Watercolor Fundamentals

Roses and Delphiniums
by Janet Walsh, 2009, watercolor, 201⁄2 x 16.

Janet Walsh recently stopped by our New York office to deliver a new set of watercolor paintings to be photographed for her next article in Watercolor magazine. The images will illustrate the next installment of her popular Watercolor Fundamentals articles that offer detailed examples and complete instructions on painting flowers and still life arrangements. Because Janet is an experienced teacher and a past president of the American Watercolor Society, she has a special gift for helping artists master the exciting and challenging aspects of transparent watercolor. She is able to explain a complicated process in ways that are easy to understand and apply.

Janet is one of several professional artists who contribute to Watercolor on a regular basis, and we are grateful to all of them for helping to make the magazine a valuable, must-read resource for artists who love watermedia painting. Their step-by-step demonstrations and clear explanations are helpful to eager beginners as well as seasoned professionals.

I often hear people say, “Watercolor is difficult because you can’t correct your mistakes,” and I respond by pointing out that the articles in each quarterly issue of Watercolor can help artists avoid mistakes, salvage unresolved paintings, and master the medium. The beauty of watercolor is that it is at once simple and complicated. The three basic tools—paper, brush, and paint—can offer a lifetime of challenges and rewards.

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M. Stephen Doherty

About M. Stephen Doherty

I've been interested in art since I was a child,  and I was fortunate to be able to take Saturday art classes at the Cincinnati Art Museum from the time I was 9 years old until I finished high school. I majored in art at Knox College and graduated summa *** laude, Phi Beta Kappa (proving artists can use both sides of their brain!).  I then earned a Master of Fine Arts degree in printmaking from Cornell University; taught art in public schools, a community college, an adult education program, and a college; worked in the marketing department of a company that manufactured screen printing supplies; and was hired to be editor of American Artist in January, 1979.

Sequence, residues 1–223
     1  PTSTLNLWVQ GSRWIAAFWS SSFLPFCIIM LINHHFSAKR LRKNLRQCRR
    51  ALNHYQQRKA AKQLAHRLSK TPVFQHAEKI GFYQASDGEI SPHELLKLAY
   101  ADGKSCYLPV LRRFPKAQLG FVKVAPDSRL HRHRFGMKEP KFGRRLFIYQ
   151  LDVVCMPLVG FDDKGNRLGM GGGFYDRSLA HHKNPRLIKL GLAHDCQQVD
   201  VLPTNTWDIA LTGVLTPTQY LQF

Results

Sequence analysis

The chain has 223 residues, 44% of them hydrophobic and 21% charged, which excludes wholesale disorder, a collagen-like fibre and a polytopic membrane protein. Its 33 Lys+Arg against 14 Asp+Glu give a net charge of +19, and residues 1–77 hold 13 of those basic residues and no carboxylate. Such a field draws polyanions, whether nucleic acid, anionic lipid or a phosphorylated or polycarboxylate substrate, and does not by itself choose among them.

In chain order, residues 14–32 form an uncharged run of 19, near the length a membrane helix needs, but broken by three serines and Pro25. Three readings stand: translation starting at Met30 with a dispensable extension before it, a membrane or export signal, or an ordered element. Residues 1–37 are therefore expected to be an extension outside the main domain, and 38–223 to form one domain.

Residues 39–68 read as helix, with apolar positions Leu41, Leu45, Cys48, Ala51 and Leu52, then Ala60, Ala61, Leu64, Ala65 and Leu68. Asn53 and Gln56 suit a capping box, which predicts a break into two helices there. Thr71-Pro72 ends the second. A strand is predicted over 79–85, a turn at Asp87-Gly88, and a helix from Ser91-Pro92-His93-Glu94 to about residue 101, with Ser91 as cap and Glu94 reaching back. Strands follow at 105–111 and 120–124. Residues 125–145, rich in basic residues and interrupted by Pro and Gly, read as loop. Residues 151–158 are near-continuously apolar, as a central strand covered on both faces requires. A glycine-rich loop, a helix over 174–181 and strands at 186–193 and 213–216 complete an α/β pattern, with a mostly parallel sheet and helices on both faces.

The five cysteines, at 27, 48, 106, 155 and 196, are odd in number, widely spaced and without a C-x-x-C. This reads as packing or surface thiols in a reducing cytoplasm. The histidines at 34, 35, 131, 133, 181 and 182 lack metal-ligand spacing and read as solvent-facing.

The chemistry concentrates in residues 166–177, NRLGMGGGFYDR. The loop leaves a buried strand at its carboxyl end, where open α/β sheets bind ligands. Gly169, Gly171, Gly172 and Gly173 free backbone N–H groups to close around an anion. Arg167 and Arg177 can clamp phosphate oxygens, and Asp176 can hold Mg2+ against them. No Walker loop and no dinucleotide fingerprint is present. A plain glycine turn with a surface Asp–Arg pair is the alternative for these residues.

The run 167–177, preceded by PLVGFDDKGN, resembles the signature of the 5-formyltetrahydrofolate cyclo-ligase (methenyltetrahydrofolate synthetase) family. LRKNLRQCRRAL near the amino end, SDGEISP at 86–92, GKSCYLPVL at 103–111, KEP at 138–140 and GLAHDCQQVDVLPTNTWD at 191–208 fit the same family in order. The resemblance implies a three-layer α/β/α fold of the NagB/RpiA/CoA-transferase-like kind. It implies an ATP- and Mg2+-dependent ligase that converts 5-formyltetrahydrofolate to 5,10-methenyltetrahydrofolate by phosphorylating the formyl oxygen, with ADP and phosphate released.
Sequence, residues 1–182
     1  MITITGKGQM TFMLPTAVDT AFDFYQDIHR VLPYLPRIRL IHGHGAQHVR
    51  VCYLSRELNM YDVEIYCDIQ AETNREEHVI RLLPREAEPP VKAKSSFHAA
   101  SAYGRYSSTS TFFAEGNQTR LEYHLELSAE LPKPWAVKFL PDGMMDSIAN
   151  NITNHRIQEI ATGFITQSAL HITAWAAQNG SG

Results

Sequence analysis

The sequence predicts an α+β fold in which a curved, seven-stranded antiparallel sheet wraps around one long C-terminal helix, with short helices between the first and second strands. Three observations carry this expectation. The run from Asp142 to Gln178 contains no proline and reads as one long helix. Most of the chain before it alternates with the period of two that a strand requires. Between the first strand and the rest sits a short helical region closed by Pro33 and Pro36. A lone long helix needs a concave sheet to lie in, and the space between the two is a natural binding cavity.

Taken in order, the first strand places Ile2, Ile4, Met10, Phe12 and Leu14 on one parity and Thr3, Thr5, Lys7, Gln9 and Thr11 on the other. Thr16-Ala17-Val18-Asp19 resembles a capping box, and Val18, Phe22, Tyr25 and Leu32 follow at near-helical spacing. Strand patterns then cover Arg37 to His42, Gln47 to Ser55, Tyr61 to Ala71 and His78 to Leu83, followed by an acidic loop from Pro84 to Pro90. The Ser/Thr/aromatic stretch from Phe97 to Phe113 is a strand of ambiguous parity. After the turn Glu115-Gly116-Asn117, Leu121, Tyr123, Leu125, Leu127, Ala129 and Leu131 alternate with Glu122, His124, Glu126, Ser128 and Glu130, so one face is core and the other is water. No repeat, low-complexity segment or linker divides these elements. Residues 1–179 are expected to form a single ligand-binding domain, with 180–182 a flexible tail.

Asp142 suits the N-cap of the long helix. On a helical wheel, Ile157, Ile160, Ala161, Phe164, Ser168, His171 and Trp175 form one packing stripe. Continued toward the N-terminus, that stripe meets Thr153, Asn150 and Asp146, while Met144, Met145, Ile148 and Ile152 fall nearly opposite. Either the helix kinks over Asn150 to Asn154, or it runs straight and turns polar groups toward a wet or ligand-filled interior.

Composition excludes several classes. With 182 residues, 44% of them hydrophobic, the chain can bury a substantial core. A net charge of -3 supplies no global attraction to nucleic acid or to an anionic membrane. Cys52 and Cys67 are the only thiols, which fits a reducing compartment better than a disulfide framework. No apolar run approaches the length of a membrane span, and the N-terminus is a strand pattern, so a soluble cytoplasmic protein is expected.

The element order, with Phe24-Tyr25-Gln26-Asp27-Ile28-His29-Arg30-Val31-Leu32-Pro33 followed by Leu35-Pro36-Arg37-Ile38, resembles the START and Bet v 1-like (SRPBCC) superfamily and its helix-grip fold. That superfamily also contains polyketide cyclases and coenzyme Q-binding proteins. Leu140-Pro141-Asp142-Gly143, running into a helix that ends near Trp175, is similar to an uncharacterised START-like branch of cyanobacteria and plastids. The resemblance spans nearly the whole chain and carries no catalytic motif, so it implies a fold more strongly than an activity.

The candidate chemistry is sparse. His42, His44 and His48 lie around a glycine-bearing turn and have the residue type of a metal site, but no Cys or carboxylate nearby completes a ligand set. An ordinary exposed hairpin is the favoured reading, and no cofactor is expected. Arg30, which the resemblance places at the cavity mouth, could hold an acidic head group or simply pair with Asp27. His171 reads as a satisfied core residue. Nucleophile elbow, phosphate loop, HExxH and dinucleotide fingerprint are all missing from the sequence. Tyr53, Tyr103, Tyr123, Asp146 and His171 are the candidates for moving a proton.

Thomas S. Buecher introduced me to plein air painting and it immediately became a passion of mine because it got me outdoors and allowed me to continue learning when I traveled to judge art shows, attend conventions, give lectures, and interview artists. Over the years I've exhibited my paintings at Bryant Galleries in New Orleans, Trees Place Gallery on Cape Cod, and in a traveling exhibition titled From Sea to Shining Sea.

I've written 10 books on artists and art techniques and contibuted articles to magazines, websites, and exhibition catalogs. Now as I prepare for semi-retirement, I'm trying to hone my painting skills -- especially those related to painting portraits.

I've been very fortunate to have met thousands of talented artists who have enriched my life with their art, their friendship, and their advice. I am grateful to Jerry Hobbs and Susan Meyer who hired me in 1979, to the talented people who worked with me on the magazines, and to the artists and advertisers who supported American Artist, Watercolor, Workshop, and Drawing  magazines and the related websites.

I've also been blessed with a supportive, talented wife, Sara; a daughter, Clare, who works for an insurance agency; a son, Michael, who is a computer enginner in Austin; a son-in-law, Shawn, who can fix and carry anything; a granddaughter, Amanda, who has me wrapped around her finger; and my mother, Dotty, who has advised and encouraged me from the beginning.

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